This is an instructable for making your own PWM (Pulse Width Modulated) flyback driver!
The design is relatively simple and easy to make if you have basic electronic skills.
In fact, you don't even have to know how a transistor or a MOSFET works to make this. You only have to follow the instructions.
What the PWM driver does:
The driver is fed by a 12V power supply (a regular DC adapter). This DC voltage is chopped into pieces by our MOSFET because it rapidly switches the 12V on and off. This switching is controllable by two potentiometers. One for the ON-time and one for the OFF-time.
If the ON-time and the OFF-time are equal, the output voltage will be 6V.
If the ON-time is larger then the OFF-time, the output voltage will be between 6V and 12V
If the ON-time is smaller then the OFF-time, the output voltage will be between 0V and 6V.
So with this feature, we can control the average voltage that our primary Flyback coil gets. This will change the output voltage.
When we make sure both potentiometers have the same resistance value, we'll create a block-wave signal that has the same ON- as OFF-time. Decreasing the resistance (of both potentiometers, at the same time) will increase the frequency of the output signal. Increasing the resistance will decrease the frequency.
We now have controllable ON- and OFF-time, and controllable frequency, so this driver is perfect for Any flyback transformer! (Each flyback transformer works better on another frequency).
The operating frequency of the flyback transformer goes somewhere from 15kHz to 50kHz. My flybacks operate best at 20kHz.
(oh, and the power supply doesn't need to be exactly 12V. You can also use a 30V supply or something a little lower then 12V).
Preview video of the PWM driver:
Step 1: Requirements
- a PCB
- a power supply (DC adapter 12V to 20V)
- a heatsink (the size of the heatsink depends on the flyback and on the type of MOSFET, you'll have to experiment)
- a MOSFET (I used an IRFB17N50L because they're awesome)
- wire for making connections at the bottom of the PCB
- 2x potentiometer 100kohm
- 2x resistor 260ohm 250mW
- 2x resistor 1kohm 250mW
- 1x resistor 4k7ohm 250mW for the LED (high resistance so that we can also use greater power supplies)
- 2x capacitor 3.3nF polyester film or something close to that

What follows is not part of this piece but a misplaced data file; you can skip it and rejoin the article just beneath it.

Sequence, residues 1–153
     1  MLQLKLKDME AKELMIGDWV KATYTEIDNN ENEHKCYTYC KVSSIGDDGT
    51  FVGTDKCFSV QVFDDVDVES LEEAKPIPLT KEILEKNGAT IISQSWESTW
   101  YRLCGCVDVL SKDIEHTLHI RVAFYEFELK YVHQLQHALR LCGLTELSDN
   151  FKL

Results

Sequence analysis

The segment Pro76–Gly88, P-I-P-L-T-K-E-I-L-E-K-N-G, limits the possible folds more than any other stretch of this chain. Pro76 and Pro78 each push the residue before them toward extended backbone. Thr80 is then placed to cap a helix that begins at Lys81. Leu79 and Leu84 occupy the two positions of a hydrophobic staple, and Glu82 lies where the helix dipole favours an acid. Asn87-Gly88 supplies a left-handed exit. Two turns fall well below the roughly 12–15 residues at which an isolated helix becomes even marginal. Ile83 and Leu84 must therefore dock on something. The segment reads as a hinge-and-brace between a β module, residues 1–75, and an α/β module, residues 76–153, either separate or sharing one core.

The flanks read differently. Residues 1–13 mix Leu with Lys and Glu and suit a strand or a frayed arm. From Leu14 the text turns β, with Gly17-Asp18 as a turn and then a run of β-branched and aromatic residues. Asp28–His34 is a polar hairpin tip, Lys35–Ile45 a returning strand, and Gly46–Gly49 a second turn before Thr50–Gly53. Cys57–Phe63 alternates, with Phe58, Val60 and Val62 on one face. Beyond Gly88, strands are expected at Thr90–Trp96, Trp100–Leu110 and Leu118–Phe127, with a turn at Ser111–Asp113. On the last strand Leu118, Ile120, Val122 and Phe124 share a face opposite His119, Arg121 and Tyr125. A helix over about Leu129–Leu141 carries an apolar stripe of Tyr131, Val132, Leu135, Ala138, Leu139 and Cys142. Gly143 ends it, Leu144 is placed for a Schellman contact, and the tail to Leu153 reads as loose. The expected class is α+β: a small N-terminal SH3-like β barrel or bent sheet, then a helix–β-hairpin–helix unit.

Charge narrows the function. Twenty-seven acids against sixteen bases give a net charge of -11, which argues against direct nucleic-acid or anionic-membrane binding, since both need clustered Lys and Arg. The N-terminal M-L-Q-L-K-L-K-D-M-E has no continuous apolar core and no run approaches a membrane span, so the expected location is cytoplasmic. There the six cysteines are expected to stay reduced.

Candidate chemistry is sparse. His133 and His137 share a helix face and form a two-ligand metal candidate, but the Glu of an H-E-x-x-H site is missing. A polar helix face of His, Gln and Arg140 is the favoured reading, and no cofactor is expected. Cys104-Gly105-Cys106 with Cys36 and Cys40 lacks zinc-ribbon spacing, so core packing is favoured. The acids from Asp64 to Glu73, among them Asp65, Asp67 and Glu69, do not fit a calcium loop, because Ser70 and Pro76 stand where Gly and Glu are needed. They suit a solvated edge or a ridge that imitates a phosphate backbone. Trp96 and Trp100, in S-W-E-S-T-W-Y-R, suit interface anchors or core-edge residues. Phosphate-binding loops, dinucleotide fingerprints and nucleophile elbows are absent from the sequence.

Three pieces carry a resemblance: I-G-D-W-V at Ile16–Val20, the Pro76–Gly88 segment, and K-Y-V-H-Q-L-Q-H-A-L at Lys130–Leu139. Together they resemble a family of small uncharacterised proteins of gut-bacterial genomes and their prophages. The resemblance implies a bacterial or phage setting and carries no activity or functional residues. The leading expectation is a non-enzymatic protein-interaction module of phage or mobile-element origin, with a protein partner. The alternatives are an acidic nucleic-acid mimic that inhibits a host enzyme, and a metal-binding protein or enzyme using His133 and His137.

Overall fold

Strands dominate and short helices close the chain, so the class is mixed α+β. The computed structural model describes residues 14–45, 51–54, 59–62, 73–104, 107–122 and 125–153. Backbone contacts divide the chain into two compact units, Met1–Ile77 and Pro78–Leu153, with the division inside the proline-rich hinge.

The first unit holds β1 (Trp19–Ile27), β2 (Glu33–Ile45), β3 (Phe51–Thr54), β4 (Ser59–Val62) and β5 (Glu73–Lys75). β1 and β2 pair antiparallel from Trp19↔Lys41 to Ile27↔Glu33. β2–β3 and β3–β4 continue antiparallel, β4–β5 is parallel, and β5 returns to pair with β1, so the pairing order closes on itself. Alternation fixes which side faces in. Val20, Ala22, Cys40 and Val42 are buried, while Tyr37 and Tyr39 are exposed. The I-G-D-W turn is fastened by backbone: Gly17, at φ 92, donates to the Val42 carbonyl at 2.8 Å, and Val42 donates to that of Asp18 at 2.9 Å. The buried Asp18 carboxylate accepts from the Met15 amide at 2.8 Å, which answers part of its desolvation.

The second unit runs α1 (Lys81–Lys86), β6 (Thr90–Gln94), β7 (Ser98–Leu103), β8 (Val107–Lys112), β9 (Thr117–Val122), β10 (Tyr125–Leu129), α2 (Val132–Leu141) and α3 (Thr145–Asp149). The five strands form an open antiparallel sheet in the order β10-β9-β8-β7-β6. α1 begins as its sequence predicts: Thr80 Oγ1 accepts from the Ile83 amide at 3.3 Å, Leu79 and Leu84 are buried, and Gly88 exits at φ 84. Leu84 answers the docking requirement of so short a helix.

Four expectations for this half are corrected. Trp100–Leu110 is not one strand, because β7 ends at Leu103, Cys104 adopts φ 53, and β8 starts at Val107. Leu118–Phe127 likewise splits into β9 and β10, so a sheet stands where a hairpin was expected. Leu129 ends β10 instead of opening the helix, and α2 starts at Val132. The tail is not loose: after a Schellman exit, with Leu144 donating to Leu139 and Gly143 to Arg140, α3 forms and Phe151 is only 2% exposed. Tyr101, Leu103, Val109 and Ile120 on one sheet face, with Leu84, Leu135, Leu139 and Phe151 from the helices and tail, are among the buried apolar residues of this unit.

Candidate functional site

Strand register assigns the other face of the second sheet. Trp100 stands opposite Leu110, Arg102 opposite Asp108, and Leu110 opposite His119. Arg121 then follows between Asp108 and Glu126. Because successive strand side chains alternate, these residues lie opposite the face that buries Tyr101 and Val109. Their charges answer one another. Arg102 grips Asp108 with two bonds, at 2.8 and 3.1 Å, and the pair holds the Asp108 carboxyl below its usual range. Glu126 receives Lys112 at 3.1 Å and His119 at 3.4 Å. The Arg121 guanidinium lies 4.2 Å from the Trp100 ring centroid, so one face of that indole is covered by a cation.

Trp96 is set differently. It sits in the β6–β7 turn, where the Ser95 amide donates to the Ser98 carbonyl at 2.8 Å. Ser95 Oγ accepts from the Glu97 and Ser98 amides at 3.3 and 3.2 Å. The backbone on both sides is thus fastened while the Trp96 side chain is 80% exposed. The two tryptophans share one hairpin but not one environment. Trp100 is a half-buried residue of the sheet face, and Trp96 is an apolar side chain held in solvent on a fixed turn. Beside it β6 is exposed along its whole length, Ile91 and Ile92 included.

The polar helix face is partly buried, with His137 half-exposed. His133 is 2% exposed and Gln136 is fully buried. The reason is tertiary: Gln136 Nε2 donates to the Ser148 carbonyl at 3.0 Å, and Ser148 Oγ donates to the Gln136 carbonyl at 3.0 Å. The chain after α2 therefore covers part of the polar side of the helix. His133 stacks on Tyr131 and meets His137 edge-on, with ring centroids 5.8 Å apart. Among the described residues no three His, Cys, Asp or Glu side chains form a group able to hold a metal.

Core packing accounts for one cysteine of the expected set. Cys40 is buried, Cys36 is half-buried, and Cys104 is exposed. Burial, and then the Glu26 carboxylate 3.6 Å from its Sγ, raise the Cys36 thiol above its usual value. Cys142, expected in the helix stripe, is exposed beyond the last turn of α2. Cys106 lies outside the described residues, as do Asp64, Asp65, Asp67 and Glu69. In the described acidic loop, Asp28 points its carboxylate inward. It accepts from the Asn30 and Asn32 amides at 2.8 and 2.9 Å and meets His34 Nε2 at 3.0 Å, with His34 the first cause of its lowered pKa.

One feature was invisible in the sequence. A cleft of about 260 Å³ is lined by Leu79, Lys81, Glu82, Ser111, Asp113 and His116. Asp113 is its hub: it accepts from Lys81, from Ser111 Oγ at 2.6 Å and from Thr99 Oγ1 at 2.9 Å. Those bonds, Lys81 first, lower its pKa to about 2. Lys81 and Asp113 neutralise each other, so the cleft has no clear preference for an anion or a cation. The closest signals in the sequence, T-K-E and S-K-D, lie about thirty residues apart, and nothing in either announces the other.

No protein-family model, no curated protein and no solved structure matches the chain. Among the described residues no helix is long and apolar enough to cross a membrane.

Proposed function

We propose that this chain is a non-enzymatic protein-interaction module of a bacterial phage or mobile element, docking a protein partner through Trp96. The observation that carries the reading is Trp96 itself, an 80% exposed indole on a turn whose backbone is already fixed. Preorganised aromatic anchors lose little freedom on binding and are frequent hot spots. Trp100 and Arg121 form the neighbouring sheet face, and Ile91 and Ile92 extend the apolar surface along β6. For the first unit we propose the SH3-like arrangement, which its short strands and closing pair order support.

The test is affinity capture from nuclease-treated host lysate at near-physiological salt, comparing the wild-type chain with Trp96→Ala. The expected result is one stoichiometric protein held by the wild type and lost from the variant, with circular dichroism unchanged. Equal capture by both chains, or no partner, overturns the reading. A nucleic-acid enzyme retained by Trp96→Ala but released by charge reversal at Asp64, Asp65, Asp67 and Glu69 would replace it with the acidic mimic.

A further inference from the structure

- 2x NPN transistor (regular transistor)
- a small pushbutton (not required)
- a flyback transformer (not required)
- a FAN connector for inserting the MOSFET (not required, you may solder it directly on your PCB)
The picture above here shows how the components look like.
Step 2: The schematic
Use of the small pushbutton:
Sometimes, the circuit doesn't seem to start up immediately after connecting the power supply to it. When you push this button, it'll start working.
However, I never seem to have this problem any more now.
Notice that the uper right and upper left connection are the same. We only have to make this connection once.
You can also see in the other pictures that the PWM driver only has 3 connections. +, - and output signal.
The cross in the middle of the schematic is NOT a connection.
Step 3: Soldering all components to the PCB
There's not much to explain in this step; All a can tell you is how-to-solder but there are lots of other instructables that explain that.
About the potentiometers:
You only have to connect two of the three pins. Use the middle pin and one of the outer pins. It doesn't really matter which outer pin you choose.
It only changes weather you want to rotate clockwise or anti-clockwise for increasing the frequency.
Step 4: Testing the PWM driver
- Connect the negative connection from the power supply to the - connection (GND) from the PWM (see schematic)
- Connect the + connection from the PWM to one of the 2 pins of the primary coil of the flyback transformer
- Connect the 'output' or 'signal' connection from the PWM to the other pin of the primary coil from your flyback transformer.
- If nothing happens, try pushing the small pushbutton or change the potentiometer's positions.
- If still nothing happens, reverse the two connections of the primary flyback transformer coil.
- If still nothing happens, leave a reply here with a description of the problem.
The picture above also shows how the connections should be made. The black aligator clip is the negative and the yellow clip is the positive connection of the power supply.
You can also add other things than a flyback transformer, such as a DC motor, a light bulb, LED's, ... just anything, and see how they react to the pulse width controlled signal ;)